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Controversies surrounding the Shepherding movement 
18th-Jun-2007 03:05 pm
Hi all, I came across this information while looking up info on the late Derek Prince. Thought it might be of some interest~
(Please note the following information was was from tp://en.wikipedia.org/wiki/Shepherding_Movement)

The Shepherding Movement (sometimes called the "Discipleship Movement") was an influential and controversial movement within American charismatic churches begun in the 1970s and early 1980s. The doctrine of the movement emphasized the "one another" passages of the New Testament, and the mentoring relationship prescribed by the Apostle Paul in 2 Timothy 2:2 of the Holy Bible.


It began when four well-known Charismatic teachers, Bob Mumford, Derek Prince, Charles Simpson, Don Basham, responded to a moral failure in a charismatic ministry in South Florida. Witnessing this failure, the four men felt mutually vulnerable without greater accountability structures in their lives. They also felt the charismatic movement was becoming individualistic and subjective. These realizations, led them to mutually submit their lives and ministries to one another. Ern Baxter was later added to the core leadership of the group, and they became known as the "Fort Lauderdale Five."

Their relationships, and the doctrines which they began to emphasize in support and definition of these relationships gained wide approval, as they addressed a strongly felt need of many in the burgeoning charismatic movement - greater accountability, character development and deeper relationships. Other charismatic ministers began to submit to the authority of the Five. The relationships that were formed became known theologically as "covenant relationships". A network of cell groups were formed. Members had to be submitted to a "shepherd", who in turn was submitted to the Five or their representatives. At its height, an estimated 100,000 adherents across the US were involved in the networks.

Some of the early leaders of the movement came out of Campus Crusade for Christ, but Crusade itself did not embrace it. Other movements influenced by the Shepherding doctrine were the International Churches of Christ, Maranatha Campus Ministries, and Great Commission International (today known as Great Commission Ministries/Great Commission Association of Churches) [1]. The movement emphasized the importance of a network of accountability within church members, with many individuals acting as personal pastors to others. In many cases, shepherding relationships existed outside the bounds of individual churches, leading to the unusual situation of a church member being accountable not to others in his/her church, but someone outside the church.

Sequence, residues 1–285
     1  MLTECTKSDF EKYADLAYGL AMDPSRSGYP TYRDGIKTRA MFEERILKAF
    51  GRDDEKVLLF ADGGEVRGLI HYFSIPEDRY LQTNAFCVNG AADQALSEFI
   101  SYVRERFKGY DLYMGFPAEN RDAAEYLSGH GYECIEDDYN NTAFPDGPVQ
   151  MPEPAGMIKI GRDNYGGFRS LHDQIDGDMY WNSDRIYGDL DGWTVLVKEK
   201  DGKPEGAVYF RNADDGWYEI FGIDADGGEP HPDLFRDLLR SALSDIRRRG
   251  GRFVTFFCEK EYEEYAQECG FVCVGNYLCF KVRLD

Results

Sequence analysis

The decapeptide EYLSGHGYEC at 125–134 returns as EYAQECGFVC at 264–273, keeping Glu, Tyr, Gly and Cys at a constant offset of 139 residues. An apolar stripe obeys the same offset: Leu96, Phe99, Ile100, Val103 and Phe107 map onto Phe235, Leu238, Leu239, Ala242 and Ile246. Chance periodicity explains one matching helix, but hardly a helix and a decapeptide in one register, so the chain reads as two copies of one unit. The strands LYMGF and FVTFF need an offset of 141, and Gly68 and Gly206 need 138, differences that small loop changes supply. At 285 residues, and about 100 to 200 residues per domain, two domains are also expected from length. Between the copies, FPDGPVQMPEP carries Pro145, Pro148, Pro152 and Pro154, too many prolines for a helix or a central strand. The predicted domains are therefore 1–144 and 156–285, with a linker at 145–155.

Criticism and controversy

The movement gained a reputation for controlling and abusive behaviour, with a great deal of emphasis placed upon the importance of obedience to one's own shepherd. In many cases, disobeying one's shepherd was tantamount to disobeying God. A few of these criticisms were exaggerated, but many lives were damaged. One such testimony can be found in the book Damaged Disciples by Ron and Vicki Burks. Noted Baptist evangelist Bailey Smith, for example, in his work "Real Evangelism" mentions having collected a very large number of testimonies of people he had encountered who were damaged by Shepherding teachings.

The movement was denounced by many charismatic leaders such as Pat Robertson and Demos Shakarian, and a 1975 meeting (known as "the shoot-out at the Curtis Hotel") to resolve the dispute achieved little. The Fort Lauderdale Five eventually parted company. Derek Prince and Bob Mumford both publicly distanced themselves from the teachings. Bob Mumford went so far as to issue a "Formal Repentance Statement to the Body of Christ" and was quoted in 1990 as saying, "Discipleship was wrong. I repent. I ask forgiveness."[2][3]

18th-Jun-2007 06:26 am (UTC)
UBF and the "Fort Lauderdale Five" started at around the same time. We know that their unbiblical shepherding/discipling paradigm inevitably leads to spiritual abuse, and indeed this also happened in these two movements. Ironically, the abuse culminated in both groups in the same year 1976. In so far, both movements were pretty similar. But there was also a difference: The 7 top shepherds of UBF plead in a letterto their "supreme leader" Samuel Lee, but they were not heard, Samuel Lee refused to acknowledge any of the problems, repent and change. Instead, their mentioning the problems was called a "rebellion". By sharp contrast, in the same year, the Fort Lauderdale Five repented and wrote their "Formal Repentance Statement". Such a statement is missing from UBF (and even "CMI") until today, and probably will never happen. UBF have long chosen and proven to be a cult or at best a Confucius club, not a genuine Christian movement.
18th-Jun-2007 06:38 am (UTC)
Apropos Derek Prince - he wrote a book titled "Judging: When? Why? How?" which helped me somewhat after leaving UBF, since it gave some answers to UBFs objection "you shall not judge" that comes up as soon as anybody starts to criticize the group or its leader. (The most blatant contradiction here, however, is that UBFs main "business" consists in constantly judging their sheep under the name of "discipleship training". I.e. they apply a double standard - always judge the sheep, but never judge the shepherd. It should rather be the other way round. Spiritual leaders must be held much more accountable and judged much more strictly, see James 3:1.)
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